Monday, November 3, 2008

Be Prepared: Morse Code

Morse code...what can be said that has not been said already. It is one of the most relaible ways to communicate when transmitting over long distances. Ham radio operators are able to pick up the dit's and dah's where voice just won't penetrate.

Morse Code was invented by Samuel Morse. He conceived the basic idea of an electromagnetic telegraph in 1832, and produced the first working telegraph set in 1836. This made transmission possible over any distance.

Morse code does not have to be beeps over a telegraph, it can be simple tapping on a wall or a pipe or even flashes of light using your flashlight. Think about this for a second, at night you can effectively communicate with someone within visual distance (which on a clear night can be substantial) using nothing more than Morse code and a flashlight...pretty amazing stuff.

Morse code used to be a requirement to obtain the general and extra class licenses in ham radio but no longer. All you need to obtain those licenses is to pass the written exams, I am all for the no Morse requirement for general but I think they should have maintained a 5 words per minute minimum for the extra class license. If you are an extra you should have some mastery of Morse code in my opinion.


Text to Morse converter (pretty cool)
Morse Code Wikipedia Page

Morse code is one of those things that it never hurts to know. There are many stories out there of people being saved by tapping on pipes and captives communicating by tapping on cell walls. In one memorable scene from a movie called Untraceable a cybercrime agent whose death is being televised live over the Internet gives clues to his fellow agents by blinking Morse code to them. I have a Morse code trainer I still use from my days of practicing for the general test...while no longer required to know (for ham radio) it is great for brushing up on this valuable communication method. Up your chances of being a survivor and spend some time learning Morse code today!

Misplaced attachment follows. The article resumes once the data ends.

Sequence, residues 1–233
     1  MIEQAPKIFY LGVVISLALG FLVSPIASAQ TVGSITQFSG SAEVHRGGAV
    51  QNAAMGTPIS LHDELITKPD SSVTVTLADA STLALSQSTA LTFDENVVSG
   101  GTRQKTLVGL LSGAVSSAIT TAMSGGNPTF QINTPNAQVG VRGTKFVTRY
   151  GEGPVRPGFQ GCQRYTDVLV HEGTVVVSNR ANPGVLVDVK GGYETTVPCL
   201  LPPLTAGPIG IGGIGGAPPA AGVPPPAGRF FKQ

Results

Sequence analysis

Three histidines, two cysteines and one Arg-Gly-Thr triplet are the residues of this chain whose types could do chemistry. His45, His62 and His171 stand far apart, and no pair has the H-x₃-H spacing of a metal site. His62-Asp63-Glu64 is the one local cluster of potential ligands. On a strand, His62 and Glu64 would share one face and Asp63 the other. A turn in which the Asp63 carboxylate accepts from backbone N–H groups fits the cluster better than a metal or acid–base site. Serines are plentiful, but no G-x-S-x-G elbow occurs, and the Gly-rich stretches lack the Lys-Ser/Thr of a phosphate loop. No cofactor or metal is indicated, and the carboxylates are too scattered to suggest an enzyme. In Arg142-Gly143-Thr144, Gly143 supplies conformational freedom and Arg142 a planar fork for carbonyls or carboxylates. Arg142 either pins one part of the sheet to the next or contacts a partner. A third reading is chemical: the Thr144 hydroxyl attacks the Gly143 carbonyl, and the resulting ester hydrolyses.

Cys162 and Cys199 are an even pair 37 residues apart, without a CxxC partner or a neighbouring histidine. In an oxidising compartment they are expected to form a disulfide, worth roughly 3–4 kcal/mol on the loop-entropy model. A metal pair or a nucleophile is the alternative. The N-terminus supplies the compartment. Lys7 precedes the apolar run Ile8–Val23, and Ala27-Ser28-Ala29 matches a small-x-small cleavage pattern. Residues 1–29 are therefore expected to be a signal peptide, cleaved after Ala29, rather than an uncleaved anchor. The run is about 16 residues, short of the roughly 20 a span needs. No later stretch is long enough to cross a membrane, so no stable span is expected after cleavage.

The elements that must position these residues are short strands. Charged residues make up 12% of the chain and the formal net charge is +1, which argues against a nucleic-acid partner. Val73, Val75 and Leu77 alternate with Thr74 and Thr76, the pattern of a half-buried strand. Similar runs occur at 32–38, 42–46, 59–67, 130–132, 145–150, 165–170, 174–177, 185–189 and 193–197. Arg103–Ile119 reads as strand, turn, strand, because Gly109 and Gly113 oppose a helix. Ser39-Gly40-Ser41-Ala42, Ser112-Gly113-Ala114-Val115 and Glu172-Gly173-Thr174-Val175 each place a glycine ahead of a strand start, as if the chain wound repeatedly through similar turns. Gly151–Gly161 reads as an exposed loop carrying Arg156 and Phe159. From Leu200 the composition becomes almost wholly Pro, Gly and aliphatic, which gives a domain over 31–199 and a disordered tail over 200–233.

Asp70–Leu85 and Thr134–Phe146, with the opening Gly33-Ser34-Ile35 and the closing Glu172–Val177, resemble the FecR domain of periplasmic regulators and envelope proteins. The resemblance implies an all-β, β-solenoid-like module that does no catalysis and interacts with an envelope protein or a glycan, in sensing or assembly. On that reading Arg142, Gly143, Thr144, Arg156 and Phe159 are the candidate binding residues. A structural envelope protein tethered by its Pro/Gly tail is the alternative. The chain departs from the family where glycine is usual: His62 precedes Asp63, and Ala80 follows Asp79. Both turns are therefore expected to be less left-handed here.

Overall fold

Here is cool Morse code trainer - This will get you used to hearing it...plays back what you type in.

Here is a link to one of my ham radio posts if you are interested in getting started!

Here is a link to Ham University, this is the trainer I use. It is not free and you need to pay for it. It is a good one though.

...that is all.

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4 comments:

  1. Great post! I got my ham license 12 years ago in high school. Started with a Tech/No-code, then learned CW(morse code) and upgraded to General. It's a great hobby. And the more you get into it, the more prepared you will be for a SHTF situation. Ham radio is often, even today, the only form of communication that is available immediately after a disaster. They even have a yearly worldwide event called field day when everyone goes out into the woods and runs off generators, solar, or whatever, and brushes up on their emergency preparedness.

    If your looking to be better prepared for SHTF, Amateur Radio is worth looking into.

    Keep up the great posts!
    Mradam

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  2. Nice article! As a ham operator, I like sites like yours that point out just how good ham radios are at picking up radio signals.

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  3. ...there is a great Ap for Iphone that is free and provides you with Morse Code.

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    ReplyDelete